Last Updated:Friday - 09/24/2010
August 21, 2006
Dialogue is the true realism
At this writing, an uneasy ceasefire has brought at least a temporary end to weeks of brutal fighting between Israel and the Hezbollah terrorist organization. May that peace hold and long-term solutions be found to the 60-year crisis in the Mideast.
Dialogue is always better than war. This is a human truth that Pope Benedict and other Catholic leaders have stated repeatedly during the long weeks of senseless killing. Indeed, Pope John Paul II often forcibly stated that truth during other conflicts, only to be ignored or dismissed as naïve. Passionately, he pleaded with the world to avoid the Persian Gulf War of 1991 and the Iraq invasion of 2003.
But there are always those who want to pick a fight and who believe "the other side" can never be trusted. Too often, these bellicose instigators occupy seats of political power as arms manufacturers quietly watch in anticipation.
In the Iraq wars, it is readily apparent (as it should have been from the beginning) that the late pope was the realistic one while the invaders were the naïve ones, foolishly believing they could impose peace and justice with the force of arms.
Iraq is now a country torn apart by violence, is divided like never before and is ruled by a sham government, the fruit of phony democracy. Saddam Hussein had ruled the country with violence for decades; now that violence has escalated and threatens to become a permanent fixture of Iraq society.
In the recent war between Israel and Hezbollah, both sides believed they were fighting a righteous battle - Hezbollah to rid itself of the "Zionist entity"; Israel using a "measured response" to protect itself from relentless, cowardly attacks on its people. You can pick your side and make your case as to how it is justified in lashing out at the other. Meanwhile, hundreds of innocent people die, a massive oil slick has been created in the Mediterranean and the whole region may yet be drawn into this conflagration.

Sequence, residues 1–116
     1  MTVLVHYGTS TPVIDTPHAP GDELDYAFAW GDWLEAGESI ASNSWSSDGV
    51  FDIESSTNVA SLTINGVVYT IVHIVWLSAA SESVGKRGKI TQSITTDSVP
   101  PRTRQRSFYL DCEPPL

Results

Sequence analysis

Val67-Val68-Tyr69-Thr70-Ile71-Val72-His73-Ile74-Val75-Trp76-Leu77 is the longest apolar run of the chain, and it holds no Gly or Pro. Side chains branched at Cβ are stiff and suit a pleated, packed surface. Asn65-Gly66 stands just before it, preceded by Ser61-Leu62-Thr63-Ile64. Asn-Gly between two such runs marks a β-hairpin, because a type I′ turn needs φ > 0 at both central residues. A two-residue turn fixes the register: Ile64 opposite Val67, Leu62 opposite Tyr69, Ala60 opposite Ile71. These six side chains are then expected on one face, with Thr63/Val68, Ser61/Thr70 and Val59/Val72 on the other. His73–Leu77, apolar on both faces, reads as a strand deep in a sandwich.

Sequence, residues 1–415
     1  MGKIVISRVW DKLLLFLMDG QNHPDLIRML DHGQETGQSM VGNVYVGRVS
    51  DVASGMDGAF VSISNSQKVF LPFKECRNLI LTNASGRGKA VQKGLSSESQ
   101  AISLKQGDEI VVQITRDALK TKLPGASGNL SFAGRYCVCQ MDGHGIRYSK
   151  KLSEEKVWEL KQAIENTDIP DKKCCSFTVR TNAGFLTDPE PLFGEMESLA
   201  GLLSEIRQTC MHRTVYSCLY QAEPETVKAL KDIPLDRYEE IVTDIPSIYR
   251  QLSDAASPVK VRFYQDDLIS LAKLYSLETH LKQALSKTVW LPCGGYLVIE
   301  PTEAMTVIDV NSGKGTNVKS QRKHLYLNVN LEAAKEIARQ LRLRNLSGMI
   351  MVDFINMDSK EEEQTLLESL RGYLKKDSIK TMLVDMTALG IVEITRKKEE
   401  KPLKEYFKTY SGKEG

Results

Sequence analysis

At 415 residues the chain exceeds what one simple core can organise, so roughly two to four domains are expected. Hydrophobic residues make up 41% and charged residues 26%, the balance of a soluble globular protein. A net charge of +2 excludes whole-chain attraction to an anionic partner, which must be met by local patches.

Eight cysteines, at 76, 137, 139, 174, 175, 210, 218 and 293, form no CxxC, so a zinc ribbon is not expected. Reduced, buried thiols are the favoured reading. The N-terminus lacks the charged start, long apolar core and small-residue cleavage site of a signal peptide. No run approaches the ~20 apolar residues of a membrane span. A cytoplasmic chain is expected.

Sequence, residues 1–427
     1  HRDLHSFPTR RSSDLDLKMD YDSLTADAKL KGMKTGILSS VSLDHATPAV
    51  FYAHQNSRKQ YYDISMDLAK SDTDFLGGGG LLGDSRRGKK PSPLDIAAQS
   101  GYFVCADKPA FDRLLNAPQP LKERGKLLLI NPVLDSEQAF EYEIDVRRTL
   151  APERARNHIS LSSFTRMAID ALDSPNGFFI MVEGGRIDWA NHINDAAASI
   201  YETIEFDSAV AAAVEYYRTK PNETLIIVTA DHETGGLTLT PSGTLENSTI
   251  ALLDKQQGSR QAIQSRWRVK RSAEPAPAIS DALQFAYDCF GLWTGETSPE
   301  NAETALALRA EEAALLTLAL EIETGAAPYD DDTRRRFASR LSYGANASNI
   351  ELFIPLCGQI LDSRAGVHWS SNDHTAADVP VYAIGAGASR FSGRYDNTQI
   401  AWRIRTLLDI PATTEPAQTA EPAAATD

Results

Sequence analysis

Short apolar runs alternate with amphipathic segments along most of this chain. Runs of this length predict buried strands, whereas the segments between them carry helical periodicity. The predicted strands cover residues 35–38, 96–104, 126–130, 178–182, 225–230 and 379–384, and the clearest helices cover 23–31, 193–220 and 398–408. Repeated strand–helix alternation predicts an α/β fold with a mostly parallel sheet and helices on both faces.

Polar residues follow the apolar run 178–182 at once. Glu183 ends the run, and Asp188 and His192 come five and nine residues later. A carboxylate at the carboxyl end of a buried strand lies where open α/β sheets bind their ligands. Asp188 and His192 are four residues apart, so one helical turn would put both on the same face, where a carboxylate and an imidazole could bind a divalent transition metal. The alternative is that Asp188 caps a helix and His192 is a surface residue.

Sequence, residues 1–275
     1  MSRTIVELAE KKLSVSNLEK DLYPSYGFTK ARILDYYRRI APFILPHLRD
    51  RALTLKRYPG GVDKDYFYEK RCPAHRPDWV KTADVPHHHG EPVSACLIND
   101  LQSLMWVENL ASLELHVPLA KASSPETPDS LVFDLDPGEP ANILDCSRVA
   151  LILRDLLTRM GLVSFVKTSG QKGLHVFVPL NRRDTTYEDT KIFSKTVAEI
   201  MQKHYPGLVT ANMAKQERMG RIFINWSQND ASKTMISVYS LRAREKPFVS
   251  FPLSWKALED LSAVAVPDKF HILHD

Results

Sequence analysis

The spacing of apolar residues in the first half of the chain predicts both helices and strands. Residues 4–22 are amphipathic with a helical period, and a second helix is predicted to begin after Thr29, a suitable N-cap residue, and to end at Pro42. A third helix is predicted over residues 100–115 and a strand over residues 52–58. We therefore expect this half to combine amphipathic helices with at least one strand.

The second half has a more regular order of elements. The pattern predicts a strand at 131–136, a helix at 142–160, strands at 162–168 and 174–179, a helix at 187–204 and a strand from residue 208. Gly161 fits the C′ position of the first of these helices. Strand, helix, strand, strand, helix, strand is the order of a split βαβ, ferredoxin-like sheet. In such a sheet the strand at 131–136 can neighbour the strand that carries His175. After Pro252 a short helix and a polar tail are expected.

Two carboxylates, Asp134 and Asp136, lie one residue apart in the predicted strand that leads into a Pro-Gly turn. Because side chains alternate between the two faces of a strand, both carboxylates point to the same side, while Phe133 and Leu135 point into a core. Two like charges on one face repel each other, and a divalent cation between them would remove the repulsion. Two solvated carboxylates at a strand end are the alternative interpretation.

The Vatican's repeated calls for good sense and a ceasefire have been entirely realistic. "Justice cannot be reestablished, a new order cannot be created and an authentic peace cannot be achieved when one takes recourse to the instruments of violence," Pope Benedict said in his July 30 Angelus talk.
The guns of war cannot solve the problems of our age. Only reconciliation and greater mutual understanding can lead to lasting peace. This is especially true in the Middle East where mutual understanding is in chronically short supply.
Many will brush this way aside, claiming that reconciliation is impossible. But our age alone has seen the impossible achieved with the end of apartheid in South Africa, the collapse of Soviet-style communism and the peaceful surrender of power by Ferdinand Marcos in the Philippines. In each of those cases, the Christian Church played an instrumental role.
Our age labours under the illusion that religion is only effective in creating conflicts, not in ending them. Yet, there is much evidence to the contrary.
The Community of Sant'Egidio, based in Rome, began as a group of high school students seeking a place to pray and help the poor in 1968. Years later, this seemingly insignificant group helped negotiate lasting peace in Mozambique and Guatemala and has since been involved in other world trouble spots.
"We Christians are people of the word," says Sant'Egidio founder Andrea Riccardi. "We don't have a different weapon. I believe in the power of dialogue till the very last moment. It is not easy. Dialogue means a conversion towards the other person: you have to try understanding him, and at the same time help him to change his agenda."
What is realistic? Using bombs, guns and rocket launchers to foment hatred that will last for centuries? Or, to dialogue toward the uncertain ideal of peace with God as our guide?
- Glen Argan
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